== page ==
Budget — The General Assembly continued efforts during the 2019 legislative session to improve healthcare services for those suffering from mental health issues, including substance abuse. The 2019-2020 budget provides $5 million for the state’s behavioral health safety net to serve an additional 7,000 uninsured adults with serious mental illness. It also includes $6.2 million in increased operational costs at the state’s four regional mental health institutes and $3 million for a new Creating Homes Initiative (CHI) for regional housing facilitators, as well as additional seed money for recovery housing for those living with substance use disorder.

   Transportation Plan — The budget also includes $4 million for grants to assist law enforcement agencies in developing a plan to transport individuals with developmental disabilities, mental illness, or serious emotional disturbance who are picked up by police officers due to a variety of reasons, such as a mental breakdown. For many years, law enforcement officials have transported persons suffering from these conditions after they are picked up by patrol officers. When this occurs, the officers are required to use handcuffs and shackles, put them in the back of the police car, and take them to the hospital for evaluation. Often, these officers are required to take them to another facility for treatment, which is costly for local governments and traumatic for the individual. The legislation sets up a grant program to assist law enforcement agencies required to transport persons to hospitals and treatment resources with emergency mental health needs. It also allows law enforcement officials to elect to use telehealth services for evaluating the patient for admission to a health facility. Public Chapter 512, effective July 1st, 2019.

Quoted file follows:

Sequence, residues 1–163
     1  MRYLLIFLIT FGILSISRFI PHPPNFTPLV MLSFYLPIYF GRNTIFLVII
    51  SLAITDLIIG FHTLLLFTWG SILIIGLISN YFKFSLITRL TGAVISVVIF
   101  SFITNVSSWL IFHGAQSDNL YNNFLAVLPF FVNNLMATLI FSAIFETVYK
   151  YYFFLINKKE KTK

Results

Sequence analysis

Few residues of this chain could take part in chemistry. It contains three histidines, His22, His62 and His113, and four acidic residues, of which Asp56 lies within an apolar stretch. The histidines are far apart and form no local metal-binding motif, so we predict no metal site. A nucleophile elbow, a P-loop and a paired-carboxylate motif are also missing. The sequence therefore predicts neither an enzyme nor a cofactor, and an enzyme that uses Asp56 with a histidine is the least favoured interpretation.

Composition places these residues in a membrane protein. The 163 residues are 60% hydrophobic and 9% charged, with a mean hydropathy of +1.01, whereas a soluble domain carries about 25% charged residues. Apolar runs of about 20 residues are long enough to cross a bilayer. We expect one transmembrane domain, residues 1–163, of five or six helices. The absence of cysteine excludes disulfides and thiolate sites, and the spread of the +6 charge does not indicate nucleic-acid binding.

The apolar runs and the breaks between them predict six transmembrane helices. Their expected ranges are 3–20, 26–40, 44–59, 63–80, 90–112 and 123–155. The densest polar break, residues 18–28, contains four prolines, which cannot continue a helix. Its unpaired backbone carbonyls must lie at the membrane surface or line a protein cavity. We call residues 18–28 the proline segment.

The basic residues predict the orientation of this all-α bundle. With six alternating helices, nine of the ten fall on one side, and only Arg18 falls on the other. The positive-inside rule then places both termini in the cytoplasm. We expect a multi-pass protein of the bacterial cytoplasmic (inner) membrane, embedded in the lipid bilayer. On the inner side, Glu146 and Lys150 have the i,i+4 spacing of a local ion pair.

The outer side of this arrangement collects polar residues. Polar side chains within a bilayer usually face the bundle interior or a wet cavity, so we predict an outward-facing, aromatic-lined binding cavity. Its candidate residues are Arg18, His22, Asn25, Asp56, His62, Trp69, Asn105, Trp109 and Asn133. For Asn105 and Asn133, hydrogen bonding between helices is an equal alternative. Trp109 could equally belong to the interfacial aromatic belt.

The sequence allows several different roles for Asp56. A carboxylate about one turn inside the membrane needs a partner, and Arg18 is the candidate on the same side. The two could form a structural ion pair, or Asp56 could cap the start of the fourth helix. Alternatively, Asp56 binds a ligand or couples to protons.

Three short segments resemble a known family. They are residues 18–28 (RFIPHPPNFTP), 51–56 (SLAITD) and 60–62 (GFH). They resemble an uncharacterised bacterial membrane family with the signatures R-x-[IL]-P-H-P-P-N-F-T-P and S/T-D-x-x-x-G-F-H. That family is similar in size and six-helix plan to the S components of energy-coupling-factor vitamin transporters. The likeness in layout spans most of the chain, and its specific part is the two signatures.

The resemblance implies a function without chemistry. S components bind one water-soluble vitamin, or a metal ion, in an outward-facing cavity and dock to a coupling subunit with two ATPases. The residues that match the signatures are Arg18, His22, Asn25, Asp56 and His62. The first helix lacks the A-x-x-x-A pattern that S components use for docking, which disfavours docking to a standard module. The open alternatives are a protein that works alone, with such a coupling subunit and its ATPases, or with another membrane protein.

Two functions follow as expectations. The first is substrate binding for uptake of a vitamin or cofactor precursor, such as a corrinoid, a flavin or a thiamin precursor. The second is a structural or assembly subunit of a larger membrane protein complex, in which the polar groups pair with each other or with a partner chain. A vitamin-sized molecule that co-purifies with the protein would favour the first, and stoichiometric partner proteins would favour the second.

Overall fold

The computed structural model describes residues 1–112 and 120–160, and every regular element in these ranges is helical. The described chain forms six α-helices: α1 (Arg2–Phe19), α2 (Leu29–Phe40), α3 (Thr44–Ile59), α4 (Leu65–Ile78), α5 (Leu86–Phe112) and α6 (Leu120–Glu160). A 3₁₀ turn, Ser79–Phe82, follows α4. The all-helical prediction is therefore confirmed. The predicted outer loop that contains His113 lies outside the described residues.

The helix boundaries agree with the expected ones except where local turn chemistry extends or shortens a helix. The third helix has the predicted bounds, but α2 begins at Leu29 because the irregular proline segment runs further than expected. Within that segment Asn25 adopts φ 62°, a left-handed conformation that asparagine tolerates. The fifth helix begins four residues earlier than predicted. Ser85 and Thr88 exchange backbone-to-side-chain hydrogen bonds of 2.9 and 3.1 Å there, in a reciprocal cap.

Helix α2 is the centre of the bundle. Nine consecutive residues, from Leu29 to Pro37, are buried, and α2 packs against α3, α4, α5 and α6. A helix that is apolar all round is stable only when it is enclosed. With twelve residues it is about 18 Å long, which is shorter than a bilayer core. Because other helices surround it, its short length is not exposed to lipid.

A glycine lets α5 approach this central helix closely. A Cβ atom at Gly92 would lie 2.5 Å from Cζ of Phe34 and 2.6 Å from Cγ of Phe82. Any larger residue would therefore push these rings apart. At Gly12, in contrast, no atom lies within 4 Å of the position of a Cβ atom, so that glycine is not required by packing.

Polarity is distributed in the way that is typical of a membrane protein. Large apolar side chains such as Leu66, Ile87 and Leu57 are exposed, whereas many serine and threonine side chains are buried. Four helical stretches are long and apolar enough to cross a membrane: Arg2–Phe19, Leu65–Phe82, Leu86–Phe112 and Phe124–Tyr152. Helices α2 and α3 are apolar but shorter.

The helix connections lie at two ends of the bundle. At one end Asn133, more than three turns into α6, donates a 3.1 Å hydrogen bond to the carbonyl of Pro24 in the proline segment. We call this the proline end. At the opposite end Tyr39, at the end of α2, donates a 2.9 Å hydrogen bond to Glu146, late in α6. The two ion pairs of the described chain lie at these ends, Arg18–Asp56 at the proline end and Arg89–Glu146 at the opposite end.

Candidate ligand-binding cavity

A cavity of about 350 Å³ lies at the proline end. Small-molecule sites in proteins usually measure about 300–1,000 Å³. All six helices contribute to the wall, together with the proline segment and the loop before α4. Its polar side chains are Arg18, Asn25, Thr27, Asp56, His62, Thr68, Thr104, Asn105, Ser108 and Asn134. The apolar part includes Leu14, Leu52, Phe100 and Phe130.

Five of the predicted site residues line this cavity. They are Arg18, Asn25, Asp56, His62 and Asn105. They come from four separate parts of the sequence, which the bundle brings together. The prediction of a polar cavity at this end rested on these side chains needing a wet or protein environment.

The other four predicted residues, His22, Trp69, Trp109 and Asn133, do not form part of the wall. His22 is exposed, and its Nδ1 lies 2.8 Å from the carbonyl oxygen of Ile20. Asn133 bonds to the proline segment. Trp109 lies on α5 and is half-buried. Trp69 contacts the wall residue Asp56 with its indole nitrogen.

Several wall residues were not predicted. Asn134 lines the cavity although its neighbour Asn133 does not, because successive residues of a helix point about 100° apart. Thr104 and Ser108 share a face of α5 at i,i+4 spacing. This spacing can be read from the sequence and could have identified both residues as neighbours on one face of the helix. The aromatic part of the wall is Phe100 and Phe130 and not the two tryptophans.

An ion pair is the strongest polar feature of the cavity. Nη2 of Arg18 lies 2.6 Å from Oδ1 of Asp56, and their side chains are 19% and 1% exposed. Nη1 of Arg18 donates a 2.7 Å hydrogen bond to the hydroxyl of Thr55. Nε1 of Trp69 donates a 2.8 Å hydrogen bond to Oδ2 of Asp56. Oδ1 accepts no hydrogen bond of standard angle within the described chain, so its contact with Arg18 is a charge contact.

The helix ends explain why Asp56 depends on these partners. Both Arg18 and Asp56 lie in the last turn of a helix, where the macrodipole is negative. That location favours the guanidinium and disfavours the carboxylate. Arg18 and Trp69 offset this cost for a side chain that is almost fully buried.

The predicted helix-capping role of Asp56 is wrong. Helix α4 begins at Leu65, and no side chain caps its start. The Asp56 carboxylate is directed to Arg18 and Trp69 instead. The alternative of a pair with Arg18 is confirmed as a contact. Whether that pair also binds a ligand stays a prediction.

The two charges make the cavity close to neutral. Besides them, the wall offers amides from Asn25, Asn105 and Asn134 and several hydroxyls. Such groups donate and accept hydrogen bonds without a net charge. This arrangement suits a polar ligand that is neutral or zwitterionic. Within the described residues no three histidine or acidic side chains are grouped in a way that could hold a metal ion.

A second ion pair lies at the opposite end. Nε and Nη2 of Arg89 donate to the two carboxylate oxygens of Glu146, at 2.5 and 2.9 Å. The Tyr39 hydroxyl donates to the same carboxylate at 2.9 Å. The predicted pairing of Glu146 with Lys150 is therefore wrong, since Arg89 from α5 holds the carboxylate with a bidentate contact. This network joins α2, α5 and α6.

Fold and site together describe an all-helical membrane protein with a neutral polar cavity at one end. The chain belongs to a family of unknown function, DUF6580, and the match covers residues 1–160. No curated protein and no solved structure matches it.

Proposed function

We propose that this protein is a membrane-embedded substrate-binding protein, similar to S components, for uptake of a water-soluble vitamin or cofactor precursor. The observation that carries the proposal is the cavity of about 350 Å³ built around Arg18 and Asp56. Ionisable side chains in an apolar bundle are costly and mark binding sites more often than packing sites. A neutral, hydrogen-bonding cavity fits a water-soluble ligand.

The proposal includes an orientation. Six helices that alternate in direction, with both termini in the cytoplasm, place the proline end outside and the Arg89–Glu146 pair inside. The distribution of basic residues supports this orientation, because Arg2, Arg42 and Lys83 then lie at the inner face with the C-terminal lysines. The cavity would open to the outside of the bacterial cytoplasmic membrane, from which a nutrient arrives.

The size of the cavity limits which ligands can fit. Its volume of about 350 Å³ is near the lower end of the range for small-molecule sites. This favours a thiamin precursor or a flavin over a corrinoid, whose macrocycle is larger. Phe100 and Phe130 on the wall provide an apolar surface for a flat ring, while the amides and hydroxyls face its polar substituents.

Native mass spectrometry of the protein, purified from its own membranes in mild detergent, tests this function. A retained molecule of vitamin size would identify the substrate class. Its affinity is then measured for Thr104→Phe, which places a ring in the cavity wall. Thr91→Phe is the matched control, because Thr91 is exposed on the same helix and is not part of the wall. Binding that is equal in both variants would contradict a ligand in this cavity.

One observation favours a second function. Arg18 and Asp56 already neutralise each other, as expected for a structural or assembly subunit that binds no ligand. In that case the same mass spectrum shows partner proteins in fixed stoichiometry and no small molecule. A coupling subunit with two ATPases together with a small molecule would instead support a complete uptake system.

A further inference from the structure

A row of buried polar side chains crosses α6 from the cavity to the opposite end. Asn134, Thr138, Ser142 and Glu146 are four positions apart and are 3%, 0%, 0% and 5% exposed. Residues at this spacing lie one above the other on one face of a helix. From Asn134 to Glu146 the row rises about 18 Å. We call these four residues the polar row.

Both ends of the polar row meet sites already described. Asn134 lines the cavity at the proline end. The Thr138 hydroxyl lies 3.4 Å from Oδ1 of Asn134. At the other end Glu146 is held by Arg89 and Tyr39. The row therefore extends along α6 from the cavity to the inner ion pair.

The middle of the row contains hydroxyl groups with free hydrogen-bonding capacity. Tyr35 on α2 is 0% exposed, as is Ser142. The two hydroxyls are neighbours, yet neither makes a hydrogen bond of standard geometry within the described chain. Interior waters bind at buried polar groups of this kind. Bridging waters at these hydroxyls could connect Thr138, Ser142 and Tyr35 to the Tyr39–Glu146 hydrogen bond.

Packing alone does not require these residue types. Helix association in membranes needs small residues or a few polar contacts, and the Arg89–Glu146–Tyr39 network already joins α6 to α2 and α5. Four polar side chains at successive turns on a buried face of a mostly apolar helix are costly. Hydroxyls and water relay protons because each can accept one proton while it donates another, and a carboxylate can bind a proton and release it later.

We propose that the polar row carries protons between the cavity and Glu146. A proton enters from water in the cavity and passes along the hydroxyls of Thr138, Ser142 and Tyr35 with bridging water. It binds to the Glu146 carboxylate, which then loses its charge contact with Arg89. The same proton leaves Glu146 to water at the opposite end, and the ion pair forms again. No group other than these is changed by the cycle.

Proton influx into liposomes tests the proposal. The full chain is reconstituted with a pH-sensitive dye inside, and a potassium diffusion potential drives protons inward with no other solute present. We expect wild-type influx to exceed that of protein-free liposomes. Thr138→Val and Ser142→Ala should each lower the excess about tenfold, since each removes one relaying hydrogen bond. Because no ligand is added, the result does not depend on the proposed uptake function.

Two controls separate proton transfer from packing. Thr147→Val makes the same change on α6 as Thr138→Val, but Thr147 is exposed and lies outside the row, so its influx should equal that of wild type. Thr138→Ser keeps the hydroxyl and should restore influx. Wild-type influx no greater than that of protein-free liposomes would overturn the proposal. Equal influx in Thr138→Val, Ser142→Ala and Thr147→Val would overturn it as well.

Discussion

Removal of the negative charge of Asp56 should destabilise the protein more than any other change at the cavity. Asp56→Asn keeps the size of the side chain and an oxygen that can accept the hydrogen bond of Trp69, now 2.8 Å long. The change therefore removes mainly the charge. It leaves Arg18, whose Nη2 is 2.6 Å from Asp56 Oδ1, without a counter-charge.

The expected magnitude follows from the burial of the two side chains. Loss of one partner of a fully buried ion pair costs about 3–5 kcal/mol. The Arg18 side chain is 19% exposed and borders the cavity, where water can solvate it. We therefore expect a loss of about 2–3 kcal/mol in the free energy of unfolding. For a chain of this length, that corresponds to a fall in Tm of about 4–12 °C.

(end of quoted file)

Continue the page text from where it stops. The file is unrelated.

Telemedicine — Legislation was approved during the 2019 session improving access to mental health care services through the use of telemedicine. The bill permits mental health physicians to collaborate with advanced practice nurses and physician assistants who are employed at local community health centers, allowing them to arrange for required review of the patients charts and the required visitation via HIPAA-compliant electronic means, rather than at the site of the clinic. Telemedicine is particularly important in Tennessee’s rural communities where there is a shortage of mental health physicians. Public Chapter 183, effective April 23rd, 2019.

   As always, I am truly humbled and honored to be your voice on Capitol Hill. If there is ever any issue I can assist with, please reach out to my office by calling 615-741-2190 or emailing me at rep.david.byrd@capitol.tn.gov. I look forward to hearing your thoughts, ideas, concerns, and suggestions during the 111th General Assembly.

0
0
0
0
0